Natural Health Science News The latest news and top resources on natural health.

Cauliflower

Compound in Broccoli and Cauliflower Kills Leukemia Cells

Posted June 4, 2013

Nutrition scientists have been proclaiming the health benefits of the bioactive compound sulforaphane, found in crucifers such as cauliflower and broccoli, for the past ten years. Prior research studies have concluded that the chemical directly alters the expression of our genes to lower the risk from many different types of cancer. It appears that mainstream medical science has finally caught on as studies are showing that the extracted compound can effectively treat one of the most aggressive and invasive forms of leukemia that primarily afflicts children.

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Cauliflower: A good source of fiber, vitamin C

Posted March 12, 2013

Cauliflower is a cruciferous vegetable like broccoli with many of the same health properties. It’s a good source of fiber and high in vitamin C.

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Yeast added to cauliflower gives protein, vitamin boost

Posted October 17, 2012

Nutritional yeast is an ingredient used in many vegetarian recipes because it’s a source of protein and B vitamins. It adds a nutty, cheesy flavor to many dishes such as casseroles and gratins. Another common use is to sprinkle the yeast on popcorn and cooked vegetables.

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Whole Ginger Extract Has Promising Anti-Prostate Cancer Potential

Posted April 30, 2012

In a first of its kind study, assessing anti-cancer properties of ginger as a whole instead of the plant’s individual components, scientists at Georgia State University have discovered, that whole ginger extract has promising cancer-preventing activity in prostate cancer.

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Clinical Trial Shows Broccoli Can Prevent Colon Cancer

Posted April 30, 2012

As reported by Doctors Health Press e-Bulletin, a new study has found that broccoli is 95% lethal against colon cancer cells. This study was recently reported by Doctors Health Press, a publisher of various natural health newsletters books and reports.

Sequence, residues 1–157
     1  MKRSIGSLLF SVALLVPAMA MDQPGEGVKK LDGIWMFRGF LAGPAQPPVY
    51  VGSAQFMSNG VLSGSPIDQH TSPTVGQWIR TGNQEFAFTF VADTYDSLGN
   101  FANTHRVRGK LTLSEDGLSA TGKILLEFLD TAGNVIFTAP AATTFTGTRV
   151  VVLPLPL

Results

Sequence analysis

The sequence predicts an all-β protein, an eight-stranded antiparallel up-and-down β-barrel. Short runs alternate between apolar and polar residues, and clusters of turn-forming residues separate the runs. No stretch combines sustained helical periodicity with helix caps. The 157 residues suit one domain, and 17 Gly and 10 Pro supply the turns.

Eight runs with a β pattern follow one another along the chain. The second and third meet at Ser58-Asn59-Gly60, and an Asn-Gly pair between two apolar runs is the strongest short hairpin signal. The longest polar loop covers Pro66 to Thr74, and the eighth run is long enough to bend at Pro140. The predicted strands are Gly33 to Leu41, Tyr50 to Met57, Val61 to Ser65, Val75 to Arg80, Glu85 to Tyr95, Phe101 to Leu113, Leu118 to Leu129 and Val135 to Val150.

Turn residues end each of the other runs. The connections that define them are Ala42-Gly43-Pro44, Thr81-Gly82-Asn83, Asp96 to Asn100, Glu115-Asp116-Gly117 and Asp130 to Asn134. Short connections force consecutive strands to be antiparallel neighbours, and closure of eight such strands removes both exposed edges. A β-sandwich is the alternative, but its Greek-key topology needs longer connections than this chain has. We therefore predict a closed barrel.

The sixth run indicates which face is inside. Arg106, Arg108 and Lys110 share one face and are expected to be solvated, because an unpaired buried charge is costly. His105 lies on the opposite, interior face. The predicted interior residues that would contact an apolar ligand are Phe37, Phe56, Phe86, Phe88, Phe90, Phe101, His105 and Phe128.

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Vitamin E Benefits: The Protector Of The Cells

Posted April 30, 2012

Vitamin E, also known as tocopherol, is among the most popular of supplements. People believe that vitamin E makes us stronger, helps us to live longer, and enhances our sexual prowess.

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Modified citrus pectin packs powerful immune punch

Posted April 30, 2012

New research published in the journal BMC Complementary and Alternative Medicine shows Modified Citrus Pectin (MCP) packs a powerful immune punch. The study uses human blood samples to demonstrate the ability of a specific form of Modified Citrus Pectin to very significantly induce and enhance the benefits of T-cytotoxic cells and human Natural Killer (NK) cells.

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Antioxidant rich flavonoids from Oreocnide integrifolia enhance glucose uptake and insulin secretion and protects pancreatic beta-cells from streptozotocin insult

Posted April 30, 2012

Insulin deficiency is the prime basis of all diabetic manifestations and agents that can bring about insulin secretion would be of pivotal significance for cure of diabetes. To test this hypothesis, we carried out bioactivity guided fractionation of Oreocnide integrifolia (Urticaceae); a folklore plant consumed for ameliorating diabetic symptoms using experimental models.

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Ginger Root May Reduce Colon Cancer Risk

Posted April 30, 2012

Could ginger root, a supplement known for its ability to settle an upset stomach and fight colds, also help reduce the risk of colon cancer? Results of a new study show that ginger root reduced signs of inflammation of the large intestine, a condition linked to colon cancer.

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Grape seed proanthocyanidins inhibit the invasive potential of head and neck cutaneous squamous cell carcinoma cells by targeting EGFR expression and epithelial-to-mesenchymal transition

Posted April 30, 2012

Head and neck squamous cell carcinoma (HNSCC) is responsible for over 20,000 deaths every year in United States. Most of the deaths are due, in large part, to its propensity to metastasize. We have examined the effect of bioactive component grape seed proanthocyanidins (GSPs) on human cutaneous HNSCC cell invasion and the molecular mechanisms underlying these effects using SCC13 cell line as an in vitro model.

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